Maharashtra plans to cut power tariff for farmers, aims to install solar pumps in fields

MUMBAI: The Maharashtra government is seeking to reduce the power tariff for industrial users by lowering the burden they need to take on to help the state supply cheap electricity to farmers. The plan is to give solar water pumps to farmers and reduce their dependence on conventional energy. 

On Tuesday , chief minister Devendra Fadnavis' cabinet is expected to approve a proposal to install 7,500 solar water pumps for farmers in Vidarbha and Gadchiroli as a first step, said a state government official with knowledge of the plan. The government aims to give as many as 40 lakh pumps in five years, he said.

Maharashtra, which has one of the highest power tariffs for industrial consumers, hopes this will eventually help reduce the rates by close to 30 per cent.

Maharashtra charges industrial consumers an average Rs 8.50 a unit, while for commercial enterprises it is Rs 11. Over the past, this high rate of power being charged in the state has had many industries relocating to other states, mainly Gujarat and Chhattisgarh, where power tariffs are lower.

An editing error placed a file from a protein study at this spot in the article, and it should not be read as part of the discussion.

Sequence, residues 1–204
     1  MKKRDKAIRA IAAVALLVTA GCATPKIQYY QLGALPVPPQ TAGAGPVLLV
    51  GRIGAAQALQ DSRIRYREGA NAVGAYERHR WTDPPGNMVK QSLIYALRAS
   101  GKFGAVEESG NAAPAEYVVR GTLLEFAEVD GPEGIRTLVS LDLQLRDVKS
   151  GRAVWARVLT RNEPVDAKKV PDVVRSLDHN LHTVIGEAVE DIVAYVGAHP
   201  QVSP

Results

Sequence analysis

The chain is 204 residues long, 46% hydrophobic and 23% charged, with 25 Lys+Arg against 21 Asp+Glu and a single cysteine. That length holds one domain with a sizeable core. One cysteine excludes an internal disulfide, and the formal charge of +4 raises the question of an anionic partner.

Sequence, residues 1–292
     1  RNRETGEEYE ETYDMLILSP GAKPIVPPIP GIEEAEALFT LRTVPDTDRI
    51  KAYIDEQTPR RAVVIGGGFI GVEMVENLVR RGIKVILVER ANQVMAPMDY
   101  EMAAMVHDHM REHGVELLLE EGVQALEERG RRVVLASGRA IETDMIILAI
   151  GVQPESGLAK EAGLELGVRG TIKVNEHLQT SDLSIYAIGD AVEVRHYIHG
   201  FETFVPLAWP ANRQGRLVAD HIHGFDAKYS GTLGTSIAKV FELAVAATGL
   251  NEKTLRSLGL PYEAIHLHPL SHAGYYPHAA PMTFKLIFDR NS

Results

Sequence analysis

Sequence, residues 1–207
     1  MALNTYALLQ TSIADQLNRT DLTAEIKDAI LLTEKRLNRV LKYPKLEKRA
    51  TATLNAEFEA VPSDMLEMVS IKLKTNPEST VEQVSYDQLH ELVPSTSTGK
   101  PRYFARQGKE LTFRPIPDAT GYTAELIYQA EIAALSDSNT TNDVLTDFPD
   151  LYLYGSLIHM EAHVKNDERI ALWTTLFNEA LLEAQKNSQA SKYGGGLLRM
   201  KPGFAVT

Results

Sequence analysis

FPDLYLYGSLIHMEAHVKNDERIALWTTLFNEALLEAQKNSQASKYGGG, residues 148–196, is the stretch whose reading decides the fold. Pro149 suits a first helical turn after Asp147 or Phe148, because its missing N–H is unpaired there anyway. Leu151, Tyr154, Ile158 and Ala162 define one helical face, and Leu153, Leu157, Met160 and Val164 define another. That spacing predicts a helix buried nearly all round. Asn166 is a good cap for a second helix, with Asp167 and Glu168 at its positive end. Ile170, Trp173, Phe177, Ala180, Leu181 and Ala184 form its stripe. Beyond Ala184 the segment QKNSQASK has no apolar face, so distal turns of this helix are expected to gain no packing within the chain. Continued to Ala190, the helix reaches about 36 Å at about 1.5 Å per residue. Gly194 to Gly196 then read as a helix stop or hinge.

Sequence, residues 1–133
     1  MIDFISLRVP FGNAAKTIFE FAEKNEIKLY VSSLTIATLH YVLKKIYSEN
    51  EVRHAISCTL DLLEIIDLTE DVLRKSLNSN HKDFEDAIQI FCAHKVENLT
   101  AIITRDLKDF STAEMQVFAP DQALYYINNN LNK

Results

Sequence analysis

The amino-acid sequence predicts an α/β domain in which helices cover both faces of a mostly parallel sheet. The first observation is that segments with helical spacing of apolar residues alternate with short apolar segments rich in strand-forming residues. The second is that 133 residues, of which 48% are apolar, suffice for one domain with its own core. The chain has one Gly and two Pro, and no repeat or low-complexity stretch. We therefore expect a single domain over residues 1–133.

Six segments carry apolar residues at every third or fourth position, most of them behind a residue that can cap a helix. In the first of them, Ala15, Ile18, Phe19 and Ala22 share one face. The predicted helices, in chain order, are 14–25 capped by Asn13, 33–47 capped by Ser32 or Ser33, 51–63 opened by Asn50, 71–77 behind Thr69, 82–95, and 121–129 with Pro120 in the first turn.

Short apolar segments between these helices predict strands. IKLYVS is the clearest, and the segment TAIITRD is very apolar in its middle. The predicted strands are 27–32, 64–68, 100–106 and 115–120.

The cost of power in Maharashtra is high because industries have to bear a part of the subsidy that the state government offers to farmers. 

While the per-unit cost of supplying power is Rs 5, a farmer pays just Rs 1. The state government pays the Maharashtra State Electricity Distribution Company Rs 1.8 as direct subsidy. Industries are levied an extra Rs 2.3 a unit to reduce the burden on the utility.

The government move to remove the cross-subsidy burden comes after representations from numerous industrial ists who have complained about the high power rates in the state. 

"Our plan is to ensure that the farmers can use the solar water pumps for pumping water in the fields and that could free the farmers from the state grid. In the first year, we have set up a target of giving five lakh water pumps. In five years, we will give 40 lakh solar water pumps. This will reduce the cross subsidy bur den," said the official.

The tariff reduction for industries would not materialize immediately and would depend on the success of the program. 

"You will see a reduction in the power tariff only after a year, however it would be down by around 30 per cent. So if an industrial unit is paying Rs 8.5 per unit now, it would have to pay only Rs 6 if the plan succeeds. We will thus not just be retaining our industries but will have industries from other states flocking to us," said the official.

Another government official from the state's power department said the idea has been borrowed from Rajasthan where 10,000 such solar water pumps have been given by the government. Those water pumps are working properly, he said. 

The state government is also pinning its hopes on the auction of coal mines to help further reduce the cost of producing power. The state feels that it could cut the cost substantially if it gets mines close to coal-fired power plants.

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